A doctor, a lawyer and a cop walk into a bar… This classic joke opener is a sure bet because it offers up three different “types” of people that we are likely to recognize or will be able relate to. You could call these characters personas.
In working with marketing, BI and sales teams over the years, I've noticed a regular misuse of the terms segments and personas. Although often used in complementary ways, they are not one and the same. Here’s how I would differentiate:
The purpose of market segmentation is to identify groups of customers (or potential customers) within a market. Markets tend to be geographical or a particular industry vertical. Once identified, these groups are referred to as segments and allows the organizations to then target particular products, services or marketing messages to those segments over time.
Customer segments are created primarily to be able to manage and measure marketing performance. Typically they are formed and analyzed on the basis of revenue and profit potential.
Segments are often created based on purchase behaviour and buying patterns, clearly identifying what they are buying but not how or why they are buying it. This is where personas come in.
Segments should be data driven and used in business planning and forecasting. The benefits of creating customer segments are to:
Personas on the other hand are used to further understand customers on a personal level. They tend to be more qualitative than segments to include socio-demographic, psychographic and behavioural data. Through third party research, surveys or interviews with real people, marketers can construct character profiles that share similar beliefs, values, attitudes etc. Web design teams in particular use personas to gain a deeper understanding of whom they are designing for as well as the wants, needs and motivations of various types of visitors. An important point here is that personas can cross across segments. The benefits of creating personas are to:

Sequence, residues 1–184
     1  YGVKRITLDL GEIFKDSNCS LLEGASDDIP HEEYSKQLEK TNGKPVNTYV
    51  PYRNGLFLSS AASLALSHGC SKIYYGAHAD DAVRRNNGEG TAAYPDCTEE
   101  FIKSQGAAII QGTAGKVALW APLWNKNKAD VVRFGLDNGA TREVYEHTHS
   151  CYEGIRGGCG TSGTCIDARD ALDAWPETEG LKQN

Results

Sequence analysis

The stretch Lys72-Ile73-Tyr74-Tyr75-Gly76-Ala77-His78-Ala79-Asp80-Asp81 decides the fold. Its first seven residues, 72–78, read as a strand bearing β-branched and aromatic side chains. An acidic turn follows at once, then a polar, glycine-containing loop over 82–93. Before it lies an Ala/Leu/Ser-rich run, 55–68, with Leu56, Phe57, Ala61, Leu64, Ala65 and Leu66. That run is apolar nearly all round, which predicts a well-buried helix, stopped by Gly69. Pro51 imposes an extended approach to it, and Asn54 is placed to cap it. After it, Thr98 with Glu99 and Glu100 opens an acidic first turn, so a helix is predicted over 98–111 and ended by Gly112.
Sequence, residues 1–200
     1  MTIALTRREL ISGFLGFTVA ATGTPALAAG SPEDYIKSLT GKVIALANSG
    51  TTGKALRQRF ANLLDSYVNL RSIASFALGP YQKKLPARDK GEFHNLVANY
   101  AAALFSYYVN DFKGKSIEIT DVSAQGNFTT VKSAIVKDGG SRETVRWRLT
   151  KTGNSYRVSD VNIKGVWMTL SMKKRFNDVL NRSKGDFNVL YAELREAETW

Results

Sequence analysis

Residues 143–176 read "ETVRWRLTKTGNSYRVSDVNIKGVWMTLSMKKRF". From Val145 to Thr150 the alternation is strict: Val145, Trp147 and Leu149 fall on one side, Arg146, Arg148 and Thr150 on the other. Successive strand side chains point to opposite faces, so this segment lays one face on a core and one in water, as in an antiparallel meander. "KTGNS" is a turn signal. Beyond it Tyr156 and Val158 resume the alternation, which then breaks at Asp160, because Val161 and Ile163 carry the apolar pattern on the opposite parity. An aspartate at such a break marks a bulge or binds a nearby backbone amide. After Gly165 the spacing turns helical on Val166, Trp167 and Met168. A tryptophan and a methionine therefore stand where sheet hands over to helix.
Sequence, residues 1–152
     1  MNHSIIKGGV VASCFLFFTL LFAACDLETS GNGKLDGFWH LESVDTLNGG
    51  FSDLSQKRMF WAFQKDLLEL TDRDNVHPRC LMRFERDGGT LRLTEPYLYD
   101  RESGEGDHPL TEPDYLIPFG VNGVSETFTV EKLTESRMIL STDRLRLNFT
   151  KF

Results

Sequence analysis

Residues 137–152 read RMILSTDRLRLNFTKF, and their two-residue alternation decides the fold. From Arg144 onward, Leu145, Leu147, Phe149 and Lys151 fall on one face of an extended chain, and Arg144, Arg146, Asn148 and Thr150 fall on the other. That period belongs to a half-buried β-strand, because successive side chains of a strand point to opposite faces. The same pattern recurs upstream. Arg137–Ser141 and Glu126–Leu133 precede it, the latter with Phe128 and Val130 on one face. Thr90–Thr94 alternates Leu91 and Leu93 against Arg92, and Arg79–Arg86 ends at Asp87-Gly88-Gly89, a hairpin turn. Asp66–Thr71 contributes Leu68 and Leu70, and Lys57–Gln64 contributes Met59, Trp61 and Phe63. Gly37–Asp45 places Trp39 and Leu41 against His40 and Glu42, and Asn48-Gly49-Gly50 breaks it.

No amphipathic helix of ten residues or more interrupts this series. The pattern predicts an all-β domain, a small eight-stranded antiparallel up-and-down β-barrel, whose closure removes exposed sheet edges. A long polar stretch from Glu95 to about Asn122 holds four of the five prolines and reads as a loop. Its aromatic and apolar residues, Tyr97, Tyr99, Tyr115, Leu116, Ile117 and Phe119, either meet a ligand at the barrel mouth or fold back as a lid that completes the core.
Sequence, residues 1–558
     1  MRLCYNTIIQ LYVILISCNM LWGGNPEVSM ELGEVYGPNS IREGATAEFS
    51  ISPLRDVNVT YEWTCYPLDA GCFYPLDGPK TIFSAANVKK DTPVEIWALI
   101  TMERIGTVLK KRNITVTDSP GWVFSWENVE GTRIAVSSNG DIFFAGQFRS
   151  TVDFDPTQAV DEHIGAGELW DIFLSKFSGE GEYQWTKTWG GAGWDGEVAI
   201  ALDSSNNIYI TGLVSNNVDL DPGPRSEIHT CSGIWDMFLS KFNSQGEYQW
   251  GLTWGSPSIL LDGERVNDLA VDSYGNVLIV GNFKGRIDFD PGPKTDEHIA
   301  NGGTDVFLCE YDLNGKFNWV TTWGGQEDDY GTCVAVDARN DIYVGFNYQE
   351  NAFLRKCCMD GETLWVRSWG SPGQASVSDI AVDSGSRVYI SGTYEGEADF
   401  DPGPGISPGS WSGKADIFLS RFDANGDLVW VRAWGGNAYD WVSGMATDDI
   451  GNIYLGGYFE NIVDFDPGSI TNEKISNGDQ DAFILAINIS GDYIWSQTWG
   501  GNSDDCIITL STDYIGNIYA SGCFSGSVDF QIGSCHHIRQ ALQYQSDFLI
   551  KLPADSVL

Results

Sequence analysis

Both segments and personas are tools to help us "sort" customers and prospects but used together, they paint a comprehensive picture of how a business should market to its customers. For example, personas used in isolation can be inaccurate from a behavioral perspective, as there is often a significant difference between what customers state as preferences and what they actually do in reality. We all say we are healthy eaters but we purchase ice cream every week. (I’m not lying, you’re lying).
In short, personas help us to understand the emotional needs of our customers, while segments help to forecast whether specific products or services will resonate in the marketplace.
As I was saying, a doctor, a lawyer and a cop walk into a bar…